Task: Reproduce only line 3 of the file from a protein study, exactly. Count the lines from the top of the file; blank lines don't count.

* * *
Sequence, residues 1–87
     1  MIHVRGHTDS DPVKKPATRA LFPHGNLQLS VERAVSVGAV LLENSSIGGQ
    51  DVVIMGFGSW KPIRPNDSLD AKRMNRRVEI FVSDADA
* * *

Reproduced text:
    51  DVVIMGFGSW KPIRPNDSLD AKRMNRRVEI FVSDADA